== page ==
Fish oil tales: Two major studies yield ‘complex’ results

Do omega-3 fish oil pills really help your cardiovascular health?

In the wake of two huge, in-depth studies released just last month, the answer is no they don’t. And, yes, they do.

It’s confusing.

About the only thing both sides of this issue seem to agree on is that Americans now spend upwards of $1 billion each year on fish oil supplements.

Dr. Jose Rivera of the Steward Medical Group and Coastal Cardiovascular Associates steps in to referee the debate.

Board-certified in cardiovascular disease, nuclear cardiology and echo-cardiology, Rivera says the VITALS study, funded by the National Institutes of Health, was “really large” with some 26,000 people participating over a 5-year period, while the REDUCE-IT study followed some 8,000 patients – also a large number for this type of research – for 3 ½ years, and that the findings of the two research efforts are complex.

In fact, the results appeared to confuse both the New York Times and the Washington Post.

On Nov. 10, the Times led off its story saying these studies concluded that omega-3 pills in healthy adults did little to prevent cardiovascular disease.

That same day, the Post opened its report by saying “two major studies released Saturday provide evidence that medications derived from fish oil are effective in protecting people from fatal heart attacks, strokes and other forms of cardiovascular disease.”

The devil, not surprisingly, is in the details. Including the words “medications” and “healthy adults” above.

The Harvard Medical School says “fish oil supplements have been promoted as an easy way to protect the heart, ease inflammation and lengthen life,” but adds “if you are taking them on your own because you believe they are good for you, it’s time to re-think that strategy.”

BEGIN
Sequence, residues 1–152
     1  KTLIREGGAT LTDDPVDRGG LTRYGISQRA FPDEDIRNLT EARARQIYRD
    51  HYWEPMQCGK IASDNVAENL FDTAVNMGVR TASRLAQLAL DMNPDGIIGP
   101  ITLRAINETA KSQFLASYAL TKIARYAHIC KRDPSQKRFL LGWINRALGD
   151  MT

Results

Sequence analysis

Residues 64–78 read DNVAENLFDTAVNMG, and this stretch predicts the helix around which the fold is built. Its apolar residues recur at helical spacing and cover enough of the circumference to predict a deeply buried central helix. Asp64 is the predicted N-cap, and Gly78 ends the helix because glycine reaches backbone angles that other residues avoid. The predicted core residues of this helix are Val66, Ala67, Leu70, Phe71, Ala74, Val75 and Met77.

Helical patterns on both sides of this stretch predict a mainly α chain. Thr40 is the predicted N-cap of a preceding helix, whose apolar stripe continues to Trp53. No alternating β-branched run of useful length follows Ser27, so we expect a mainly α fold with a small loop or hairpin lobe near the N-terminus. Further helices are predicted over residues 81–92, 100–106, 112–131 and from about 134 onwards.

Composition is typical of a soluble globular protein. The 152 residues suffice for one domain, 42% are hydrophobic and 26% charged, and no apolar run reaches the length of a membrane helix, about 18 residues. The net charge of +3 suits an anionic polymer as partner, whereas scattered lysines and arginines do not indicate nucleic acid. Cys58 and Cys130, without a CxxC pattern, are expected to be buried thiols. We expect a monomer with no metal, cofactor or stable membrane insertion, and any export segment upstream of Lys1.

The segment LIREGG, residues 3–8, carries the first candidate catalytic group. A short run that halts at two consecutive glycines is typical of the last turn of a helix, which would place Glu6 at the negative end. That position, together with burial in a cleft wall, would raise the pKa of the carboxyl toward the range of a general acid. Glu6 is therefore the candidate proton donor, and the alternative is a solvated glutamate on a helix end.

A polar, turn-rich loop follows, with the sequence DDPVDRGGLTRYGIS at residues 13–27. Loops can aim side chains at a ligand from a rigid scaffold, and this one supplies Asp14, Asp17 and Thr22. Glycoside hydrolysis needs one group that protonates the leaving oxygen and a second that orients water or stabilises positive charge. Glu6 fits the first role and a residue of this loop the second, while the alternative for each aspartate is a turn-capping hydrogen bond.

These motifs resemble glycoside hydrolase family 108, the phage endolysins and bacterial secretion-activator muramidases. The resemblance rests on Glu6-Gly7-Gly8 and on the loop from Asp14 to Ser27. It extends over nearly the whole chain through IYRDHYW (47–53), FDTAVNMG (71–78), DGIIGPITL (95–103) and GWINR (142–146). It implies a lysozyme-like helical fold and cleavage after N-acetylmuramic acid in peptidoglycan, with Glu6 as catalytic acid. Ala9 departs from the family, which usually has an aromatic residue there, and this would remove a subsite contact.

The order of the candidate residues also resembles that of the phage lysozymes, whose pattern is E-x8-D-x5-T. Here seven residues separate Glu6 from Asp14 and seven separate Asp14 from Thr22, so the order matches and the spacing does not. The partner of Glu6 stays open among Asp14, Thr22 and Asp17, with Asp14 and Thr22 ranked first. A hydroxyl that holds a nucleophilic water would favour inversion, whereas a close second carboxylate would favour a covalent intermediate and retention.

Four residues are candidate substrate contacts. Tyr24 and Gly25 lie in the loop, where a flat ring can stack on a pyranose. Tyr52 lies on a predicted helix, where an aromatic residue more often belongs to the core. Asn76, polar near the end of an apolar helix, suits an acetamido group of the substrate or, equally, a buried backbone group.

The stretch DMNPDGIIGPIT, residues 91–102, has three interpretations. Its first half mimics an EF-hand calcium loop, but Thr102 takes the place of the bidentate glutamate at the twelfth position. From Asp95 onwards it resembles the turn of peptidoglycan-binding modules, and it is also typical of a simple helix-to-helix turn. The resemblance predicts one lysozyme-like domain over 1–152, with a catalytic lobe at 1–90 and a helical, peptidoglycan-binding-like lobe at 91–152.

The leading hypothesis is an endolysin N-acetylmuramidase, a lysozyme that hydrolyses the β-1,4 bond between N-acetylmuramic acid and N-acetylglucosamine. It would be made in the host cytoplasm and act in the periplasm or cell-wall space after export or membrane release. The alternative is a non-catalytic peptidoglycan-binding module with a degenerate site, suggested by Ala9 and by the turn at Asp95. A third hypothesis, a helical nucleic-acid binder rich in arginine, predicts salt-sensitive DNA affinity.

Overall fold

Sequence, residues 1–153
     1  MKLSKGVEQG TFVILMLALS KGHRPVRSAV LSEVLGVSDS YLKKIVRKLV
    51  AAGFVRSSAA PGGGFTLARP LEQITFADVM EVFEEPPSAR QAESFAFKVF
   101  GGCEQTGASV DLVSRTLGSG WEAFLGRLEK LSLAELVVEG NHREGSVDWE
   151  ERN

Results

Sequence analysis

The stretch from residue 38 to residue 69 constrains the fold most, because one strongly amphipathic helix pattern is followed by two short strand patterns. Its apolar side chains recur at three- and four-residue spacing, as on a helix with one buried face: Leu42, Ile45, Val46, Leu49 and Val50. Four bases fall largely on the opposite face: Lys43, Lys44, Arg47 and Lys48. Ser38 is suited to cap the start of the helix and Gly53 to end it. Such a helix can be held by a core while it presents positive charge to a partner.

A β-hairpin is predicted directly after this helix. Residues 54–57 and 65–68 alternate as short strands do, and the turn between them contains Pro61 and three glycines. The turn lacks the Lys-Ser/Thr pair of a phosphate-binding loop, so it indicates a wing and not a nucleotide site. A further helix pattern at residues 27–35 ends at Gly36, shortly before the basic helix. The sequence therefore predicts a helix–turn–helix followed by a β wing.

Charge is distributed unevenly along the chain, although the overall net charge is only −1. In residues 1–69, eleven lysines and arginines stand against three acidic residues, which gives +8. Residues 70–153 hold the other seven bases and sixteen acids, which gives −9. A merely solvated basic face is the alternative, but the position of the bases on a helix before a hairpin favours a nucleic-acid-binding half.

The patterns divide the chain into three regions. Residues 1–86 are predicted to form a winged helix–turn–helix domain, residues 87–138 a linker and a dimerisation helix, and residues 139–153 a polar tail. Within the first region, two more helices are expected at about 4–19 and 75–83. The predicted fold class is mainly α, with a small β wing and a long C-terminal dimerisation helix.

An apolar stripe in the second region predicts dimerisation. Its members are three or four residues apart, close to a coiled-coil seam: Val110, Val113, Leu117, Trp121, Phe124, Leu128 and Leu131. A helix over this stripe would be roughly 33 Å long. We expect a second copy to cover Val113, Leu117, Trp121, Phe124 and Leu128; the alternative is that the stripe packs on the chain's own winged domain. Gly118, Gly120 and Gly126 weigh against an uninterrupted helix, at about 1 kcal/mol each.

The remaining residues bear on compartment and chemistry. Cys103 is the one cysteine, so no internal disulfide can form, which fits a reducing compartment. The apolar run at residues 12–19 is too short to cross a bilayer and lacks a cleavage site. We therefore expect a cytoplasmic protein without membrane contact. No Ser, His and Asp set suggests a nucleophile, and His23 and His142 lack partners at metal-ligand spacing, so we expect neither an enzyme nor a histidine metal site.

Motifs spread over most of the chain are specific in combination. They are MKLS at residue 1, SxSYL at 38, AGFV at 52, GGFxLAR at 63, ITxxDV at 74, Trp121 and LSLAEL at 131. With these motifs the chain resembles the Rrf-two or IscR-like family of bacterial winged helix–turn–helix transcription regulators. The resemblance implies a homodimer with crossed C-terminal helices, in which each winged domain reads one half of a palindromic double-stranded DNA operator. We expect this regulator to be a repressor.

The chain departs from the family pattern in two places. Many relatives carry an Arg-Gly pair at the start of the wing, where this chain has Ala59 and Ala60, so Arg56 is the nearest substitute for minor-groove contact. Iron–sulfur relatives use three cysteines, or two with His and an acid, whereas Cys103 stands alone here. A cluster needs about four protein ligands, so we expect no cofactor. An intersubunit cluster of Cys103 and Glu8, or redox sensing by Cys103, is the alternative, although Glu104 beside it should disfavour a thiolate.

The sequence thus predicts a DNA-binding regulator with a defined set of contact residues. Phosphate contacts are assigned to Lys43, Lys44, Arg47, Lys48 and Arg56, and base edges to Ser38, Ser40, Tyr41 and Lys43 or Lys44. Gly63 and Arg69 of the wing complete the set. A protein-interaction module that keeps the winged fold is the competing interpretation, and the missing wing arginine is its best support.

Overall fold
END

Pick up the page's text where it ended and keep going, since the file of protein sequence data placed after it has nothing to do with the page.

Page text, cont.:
The Mayo Clinic agrees.

It says “doctors had long believed that the unsaturated fats in fish, called omega-3 fatty acids, are the nutrients that reduce the risk of dying of heart disease. However, more recent research suggests that other nutrients in fish or a combination of omega-3 fatty acids and those other nutrients may actually be responsible for the health benefits from fish.”

That stance also gets a nod from the National Center for Complementary and Integrative Health at NIH which, in May of this year, said “research indicates that omega-3 supplements don’t reduce the risk of heart disease. However, people who eat seafood one to four times a week are less likely to die of heart disease.”

In other words, it’s eating fish, not swallowing fish oil capsules, that can help your heart.

Unless, that is, you already have heart disease.

According to Rivera, the REDUCE-IT study focused on people who already had heart disease. Fully 70 percent of its participants had suffered a prior heart attack or stroke, and for that group, he says, “high doses of purified EPA, which is the omega-3,” produced what Rivera calls “a huge improvement” in their cardiovascular health.

But there’s yet another devil of a detail in that sentence.

Rivera is talking about “purified” omega-3, a product like the prescription-only Lovaza or Omtryg, not the rows of fish oil pills on the shelves of your local drugstore or the ones commonly bought online.

Over-the-counter and online supplements are not subject to FDA rules and, frankly, no one really knows what’s actually inside those bottles, let alone how “pure” it is. Or isn’t.

Rivera agrees. “What I do,” he says, “is I prescribe it. I don’t like over-the-counter [supplements] because there are not that many regulations” governing what manufacturers use to make their pills or fill their capsules.

So, before hitting the store or the Internet for fish oil, it might be wise to talk with your primary care physician or your cardiologist to ask for his or her input.

Bottom line: If you already have heart disease, fish oil may well help. If you don’t have heart disease, you’re probably better advised to skip the pills and simply add more seafood to your dinner menu.

Dr. Jose Rivera is with Coastal Cardiovascular Associates. His office is at 7754 Bay Street, Suites 6 & 7 in Sebastian. The phone number is 772-589-3000.

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